By Daragh Ó Conchúir
Not much fazes Katie Power but when it came to stepping out in front of the camera in sports gear
that did not include a Kilkenny or Piltown jersey, she was untypically unsure.
Power would never have thought of showcasing herself in any way other than on a Camogie pitch, something she has been doing at Senior, and mostly at elite level, in the black and amber since 2008.
Always highly skilled, at 5’5’’, she needed to work on her strength. With the physicality of Camogie having ramped up in recent years as the professional level of training having begun to match that of the male Gaelic codes, it is notable how influential she has remained despite her diminutive stature, coping with anything the opposition throw at her.
She is an avowed believer in the benefits of conditioning, to such an extent that she is training to be become a qualified instructor.
MC Future Fitness is a regular haunt and the owner, Matt Cooney was organising a shoot to raise funds for Nenagh-based well-being centre Áras Folláin, while also hoping to highlight the link between physical and mental fitness in the process.
He asked Power about posing for some shots and she agreed, in that Irish way of not wanting to let anyone down and not really thinking about the consequences.
She almost gave in to the doubts that dogged her subsequently but conquered them. That it was for mental health, an area that has touched most of us in some way, kept her on board in the end, although it wasn’t the only reason.
Recognising that she was in a battle with her mind, the 26-year-old felt that she would be better for the experience, would be healthier mentally herself for having overcome her hang-ups.
They say that if you want to be successful in anything, you have to be willing to be uncomfortable. So Power braced herself and stepped in front of the lens.
“I was freaking out, I have to say” she admits freely. “It was brilliant to do because it was out of my comfort zone. We can all do things we’re comfortable with. I was uncomfortable doing that but after, I thought it was absolutely class and I’d have no problem doing another one now.
“I was nearly going to pull out of it but I knew it would be good for me.
“The fitness trend has gone through the roof, which is a great thing, but I don’t think we’re educated enough, especially girls.
“On social media and the rest, you see girls and they’re absolutely ripped but that’s not real. I had to be convinced to do that photo shoot, whereas these fake models would have loved that.
“I enjoy going to the gym... I like to go for headspace. You could have a busy day, you could have a crap day but you go in there, you’re by yourself and you do what you want to do.
“I have a goal and that’s camogie so I want to be as fast as I can and as strong as I can and I have that to train for. There are people trying to be other people and I just want to be myself. I don’t want to be seven stone and real skinny. I want to be strong and tough so I can bring it out on the field.”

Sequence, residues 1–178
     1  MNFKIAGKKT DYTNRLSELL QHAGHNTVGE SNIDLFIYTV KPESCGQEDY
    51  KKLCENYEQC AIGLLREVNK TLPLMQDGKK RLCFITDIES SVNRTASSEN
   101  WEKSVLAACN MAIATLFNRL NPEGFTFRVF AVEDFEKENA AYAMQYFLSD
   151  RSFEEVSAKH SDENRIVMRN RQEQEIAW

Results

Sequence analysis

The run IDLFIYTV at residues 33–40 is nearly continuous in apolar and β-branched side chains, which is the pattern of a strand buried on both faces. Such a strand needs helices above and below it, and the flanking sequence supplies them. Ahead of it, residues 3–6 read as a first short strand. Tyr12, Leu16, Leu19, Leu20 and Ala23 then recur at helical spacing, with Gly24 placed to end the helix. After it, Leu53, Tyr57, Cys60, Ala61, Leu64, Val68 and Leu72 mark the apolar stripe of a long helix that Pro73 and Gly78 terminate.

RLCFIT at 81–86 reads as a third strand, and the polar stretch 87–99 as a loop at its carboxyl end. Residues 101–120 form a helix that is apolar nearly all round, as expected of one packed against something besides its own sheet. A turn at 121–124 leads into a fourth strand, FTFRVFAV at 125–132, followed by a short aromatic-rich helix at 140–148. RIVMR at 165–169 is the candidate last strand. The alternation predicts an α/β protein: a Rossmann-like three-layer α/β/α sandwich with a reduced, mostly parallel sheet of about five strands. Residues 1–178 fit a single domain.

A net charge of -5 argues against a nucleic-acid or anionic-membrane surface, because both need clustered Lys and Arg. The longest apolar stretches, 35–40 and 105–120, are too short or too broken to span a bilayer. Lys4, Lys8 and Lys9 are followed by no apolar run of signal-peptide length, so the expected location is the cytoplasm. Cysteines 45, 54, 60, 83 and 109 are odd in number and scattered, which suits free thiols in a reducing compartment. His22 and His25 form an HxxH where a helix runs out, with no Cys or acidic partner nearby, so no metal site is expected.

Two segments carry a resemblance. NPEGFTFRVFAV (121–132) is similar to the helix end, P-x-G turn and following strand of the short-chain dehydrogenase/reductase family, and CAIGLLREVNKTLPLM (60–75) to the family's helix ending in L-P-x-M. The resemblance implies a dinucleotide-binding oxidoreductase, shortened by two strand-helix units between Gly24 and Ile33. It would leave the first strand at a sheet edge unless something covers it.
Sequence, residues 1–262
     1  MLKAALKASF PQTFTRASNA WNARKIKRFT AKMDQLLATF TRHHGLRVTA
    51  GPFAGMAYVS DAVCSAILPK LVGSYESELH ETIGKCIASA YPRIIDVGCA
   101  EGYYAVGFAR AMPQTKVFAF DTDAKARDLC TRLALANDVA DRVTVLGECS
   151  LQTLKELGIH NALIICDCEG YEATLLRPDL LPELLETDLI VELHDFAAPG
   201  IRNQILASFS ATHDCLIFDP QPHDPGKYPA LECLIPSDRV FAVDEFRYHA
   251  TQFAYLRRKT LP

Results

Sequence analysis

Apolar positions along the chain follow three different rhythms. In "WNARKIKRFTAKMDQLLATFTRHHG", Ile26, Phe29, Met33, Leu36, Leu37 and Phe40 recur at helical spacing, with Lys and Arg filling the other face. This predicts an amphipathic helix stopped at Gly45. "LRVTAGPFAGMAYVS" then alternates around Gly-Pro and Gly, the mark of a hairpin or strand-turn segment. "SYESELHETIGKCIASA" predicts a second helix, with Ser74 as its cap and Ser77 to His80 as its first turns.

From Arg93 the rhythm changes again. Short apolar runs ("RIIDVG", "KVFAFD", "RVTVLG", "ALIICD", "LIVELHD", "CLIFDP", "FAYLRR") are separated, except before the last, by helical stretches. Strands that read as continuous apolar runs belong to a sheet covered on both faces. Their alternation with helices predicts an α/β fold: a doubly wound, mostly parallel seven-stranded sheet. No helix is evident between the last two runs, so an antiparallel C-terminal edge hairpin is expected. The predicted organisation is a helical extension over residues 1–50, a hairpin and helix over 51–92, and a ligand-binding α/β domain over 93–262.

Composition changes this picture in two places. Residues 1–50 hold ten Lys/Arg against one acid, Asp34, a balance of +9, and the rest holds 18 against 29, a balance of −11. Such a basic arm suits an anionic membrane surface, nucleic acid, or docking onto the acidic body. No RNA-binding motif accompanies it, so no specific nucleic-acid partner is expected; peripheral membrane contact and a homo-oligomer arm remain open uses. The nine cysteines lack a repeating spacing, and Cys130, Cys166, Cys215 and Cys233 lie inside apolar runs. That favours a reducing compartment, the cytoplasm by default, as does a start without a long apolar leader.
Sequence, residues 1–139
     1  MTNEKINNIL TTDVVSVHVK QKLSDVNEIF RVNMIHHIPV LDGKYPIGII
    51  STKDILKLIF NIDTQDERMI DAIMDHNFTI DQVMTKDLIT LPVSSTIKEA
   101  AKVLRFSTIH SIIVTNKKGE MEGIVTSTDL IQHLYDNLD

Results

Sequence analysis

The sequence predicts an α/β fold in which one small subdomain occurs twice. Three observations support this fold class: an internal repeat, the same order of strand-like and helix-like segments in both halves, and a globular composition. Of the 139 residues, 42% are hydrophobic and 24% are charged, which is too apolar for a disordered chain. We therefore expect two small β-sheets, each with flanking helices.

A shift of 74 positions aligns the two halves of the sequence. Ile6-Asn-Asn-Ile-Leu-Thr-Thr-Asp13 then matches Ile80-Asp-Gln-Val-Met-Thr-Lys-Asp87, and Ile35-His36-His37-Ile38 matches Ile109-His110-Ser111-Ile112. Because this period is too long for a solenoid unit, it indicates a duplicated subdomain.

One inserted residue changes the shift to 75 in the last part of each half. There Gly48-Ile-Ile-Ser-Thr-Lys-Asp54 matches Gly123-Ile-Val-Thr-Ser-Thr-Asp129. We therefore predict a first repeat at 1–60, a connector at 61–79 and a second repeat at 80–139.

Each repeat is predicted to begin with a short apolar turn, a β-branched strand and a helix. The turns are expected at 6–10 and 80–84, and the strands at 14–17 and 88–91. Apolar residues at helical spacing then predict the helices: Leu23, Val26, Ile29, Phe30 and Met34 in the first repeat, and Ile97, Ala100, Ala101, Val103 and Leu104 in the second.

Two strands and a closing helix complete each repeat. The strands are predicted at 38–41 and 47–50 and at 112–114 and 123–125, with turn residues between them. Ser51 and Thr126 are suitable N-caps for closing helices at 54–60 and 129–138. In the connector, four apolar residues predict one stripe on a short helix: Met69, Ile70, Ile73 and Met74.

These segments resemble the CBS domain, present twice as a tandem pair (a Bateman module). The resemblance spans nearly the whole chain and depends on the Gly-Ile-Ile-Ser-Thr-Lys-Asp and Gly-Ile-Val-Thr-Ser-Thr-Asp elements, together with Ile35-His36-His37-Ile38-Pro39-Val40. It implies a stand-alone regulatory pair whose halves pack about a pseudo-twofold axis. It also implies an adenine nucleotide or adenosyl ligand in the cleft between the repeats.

The reaction was hugely positive, and understandably so when you see the photos. She is certainly proud of the results, not in a vain way but as visual confirmation that the hard work is paying off.
Most of the satisfaction though comes from highlighting mental health.
“I would feel strongly about it… It’s hard for anyone to talk about it but I suppose the more awareness it gets, if you can help one or two people and if you can help yourself, it’s making a big difference.”
A three-time All-Star, Power is coming off a tremendous spring that ended with her named Player of the League as Kilkenny won their third consecutive title.
She began her career, under Ann Downey, winning the same competition in 2008. They were still kids when they made it to the All-Ireland the following year. They weren’t ready and Downey stepped away.
They got near to ending the long wait from when Downey lifted the O’Duffy Cup in ’94 a couple of more times before finally ending the drought at their fourth attempt in a final in 2016. It was no surprise that Downey was back in charge.
“She’s just a brilliant woman. She is Kilkenny Camogie. And probably like Derek McGrath was renowned as the father figure of Waterford hurlers, she is the mother figure for us. She mightn’t like hearing that but she’s some woman. Having someone like that, that we all absolutely have a huge respect for, it’s unreal.
“And then you’ve (her twin) Angela there every single night. Breda Holmes. The two of them have nearly 20 All-Irelands between them and they’re there at every training, giving us our drinks, giving us our food, not a bother on them.
"And they’re technically not on the management team, they’re there to help us. When you see them doing that for the love of Kilkenny Camogie and to try get us over the line, that’s massive.”
They got their Liberty Insurance All-Ireland Senior Camogie Championship off to a winning start against Limerick. Next up are neighbours Waterford at Walsh Park this evening (5pm).
“They’re a young side but they’re not conceding that much. I know they conceded four goals to Galway but apart from that, there hasn’t been much.
Danielle Morrissey, Aoife Doyle and Grace O’Donnell have just completed their Leaving Cert and are pushing to start or be involved at some stage.
Downey has a history of giving youth its head, having released the shackles on Power and so many of her colleagues a decade ago.
Now, the mind is set on optimising what they have, and doing whatever it takes in that pursuit.
“A few years ago, when the likes of myself, Denise (Gaule) and Shelly (Farrell) started, we were a real
young team. Now 10 years are passed and we just want to go as hard as we can, as long as we can.”